Needybot is stuck against a table in a hallway of Wieden & Kennedy’s Pearl District headquarters. The wheels hidden within Needy’s two-foot-tall, fake-fur-covered body whir.
“Now, see, this is somewhat distressing,” says Nilesh Ashra, director of creative technologies and one builder of Needybot. “What do people do when they see this? Will they help?”
He picks the robot up by its head-top handle. “Needy is kind of lost,” the robot moans in a small, disarming voice. Needybot has roamed WK of late being—no offense, Needybot—mostly useless, programmed with just one mission: to meet as many WK employees as possible. Along the way, Needy has many misadventures.
Wieden & Kennedy’s technology group, the Lodge, created the no-handed robot as an experiment in robot/human relations. Needy constantly asks for help—help finding new friends, help with stairs, help distinguishing people from dogs. “We usually think of robots as highly proficient—doing something for people very well, again and again,” Ashra says. “The idea of a robot that needs help with everything is very compelling.”
“Could we take the coldest type of technology,” adds Paulo Ribeiro, business director of the Lodge, “and make it really needy?”
The Lodge built Needy from aluminum rods, held together with precision-angled joints from the in-house 3-D printer. Onboard heat sensors allow the robot to find and follow people. (“Or,” Ribeiro says, “mistake a dishwasher for a person.” Needybot!) Needy speaks 6,000 lines of recorded dialogue; humans, despite a seemingly universal urge to talk back, respond via Needy’s touchscreen. Software lets the robot navigate WK’s walkways, verandas, and desk pods slowly but well, uncharted tables excepted.
Needy’s soul could be described as a work in progress. “Technology constantly makes demands of us,” Ashra says. “Can it be charming?”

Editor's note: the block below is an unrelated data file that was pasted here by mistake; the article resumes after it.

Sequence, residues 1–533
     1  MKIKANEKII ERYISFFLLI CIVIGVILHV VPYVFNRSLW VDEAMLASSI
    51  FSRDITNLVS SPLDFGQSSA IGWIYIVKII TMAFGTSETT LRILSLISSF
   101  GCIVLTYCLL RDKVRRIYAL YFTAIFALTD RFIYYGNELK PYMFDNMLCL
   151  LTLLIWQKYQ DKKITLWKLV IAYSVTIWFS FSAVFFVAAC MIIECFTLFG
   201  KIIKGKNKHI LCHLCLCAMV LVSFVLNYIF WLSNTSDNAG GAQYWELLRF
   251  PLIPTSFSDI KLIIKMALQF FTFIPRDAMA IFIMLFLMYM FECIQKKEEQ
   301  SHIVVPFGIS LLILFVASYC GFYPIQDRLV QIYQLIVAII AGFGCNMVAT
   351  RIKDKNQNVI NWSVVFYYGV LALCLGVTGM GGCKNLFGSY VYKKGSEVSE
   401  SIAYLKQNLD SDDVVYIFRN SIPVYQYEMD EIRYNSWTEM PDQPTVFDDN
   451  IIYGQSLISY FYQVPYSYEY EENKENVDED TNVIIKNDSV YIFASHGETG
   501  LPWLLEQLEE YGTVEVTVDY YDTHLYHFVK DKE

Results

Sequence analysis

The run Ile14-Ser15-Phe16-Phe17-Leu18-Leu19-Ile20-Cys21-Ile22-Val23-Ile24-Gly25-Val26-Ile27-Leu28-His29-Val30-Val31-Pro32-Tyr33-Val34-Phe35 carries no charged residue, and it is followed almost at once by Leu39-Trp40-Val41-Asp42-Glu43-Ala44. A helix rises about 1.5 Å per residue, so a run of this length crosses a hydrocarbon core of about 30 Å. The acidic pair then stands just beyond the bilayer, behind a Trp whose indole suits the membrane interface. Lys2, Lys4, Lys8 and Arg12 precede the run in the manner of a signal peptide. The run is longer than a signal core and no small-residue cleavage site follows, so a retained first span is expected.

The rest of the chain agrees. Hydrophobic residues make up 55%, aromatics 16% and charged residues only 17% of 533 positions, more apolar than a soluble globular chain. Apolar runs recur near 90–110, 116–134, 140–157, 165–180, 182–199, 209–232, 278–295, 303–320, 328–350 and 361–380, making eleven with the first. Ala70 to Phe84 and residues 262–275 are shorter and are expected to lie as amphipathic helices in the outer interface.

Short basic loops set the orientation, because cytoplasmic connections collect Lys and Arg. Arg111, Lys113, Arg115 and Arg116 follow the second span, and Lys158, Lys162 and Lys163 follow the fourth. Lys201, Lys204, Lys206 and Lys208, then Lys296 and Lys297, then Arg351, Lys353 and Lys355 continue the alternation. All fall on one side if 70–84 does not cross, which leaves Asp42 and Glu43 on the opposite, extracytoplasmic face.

Needy sings birthday songs. Needy will meditate with you, its screen becoming a restful waterfall for one minute. Those seeking Needy can summon it via Slack. (Note: Needy is nongendered. Everyone seems to use “he/him” anyway. Maybe someday Needy will choose its own pronouns.) When lost, Needy plaintively asks all passersby to take it to a “drop zone,” one of several designated spots where RFID cards update Needy’s location. Sometimes it bursts into a fun ditty: “Highway to the drop zone! Drop zone!”
But basic time with Needybot goes like this: a thing that evokes an erotic fan-fiction encounter between R2-D2 and an Ewok rolls up and asks if it knows you. Kneel for Needy’s camera eye, and Needy might indeed know you, though during my visit Needy kept mistaking Ashra for a guy named David.
Needy then asks for help finding someone else it wants to meet. This can lead to all manner of workplace hilarity, but it’s how Needy builds its social network. And eventually, Needy’s creators hope knowledge of WK’s 600-some Portland employees will fuel new—and potentially more fraught—missions.
“We want to design a project around trust,” says Maxwell Folley, the project’s creative technical lead. “Needy is kind of a naive puppy. Maybe it’ll get a little bit cynical.”
“Needy could think, ‘I know Zach,’” Ashra elaborates, imagining future awkwardness, “but does Zach always tell me the truth?”
For WK, Needybot is a chance to flaunt some tech chops and glean behavioral insights. But there are, of course, deeper questions. Will Needy always need us? Will we, one day, need Needy? When you see a future Needy struggle, will you lend your human hand?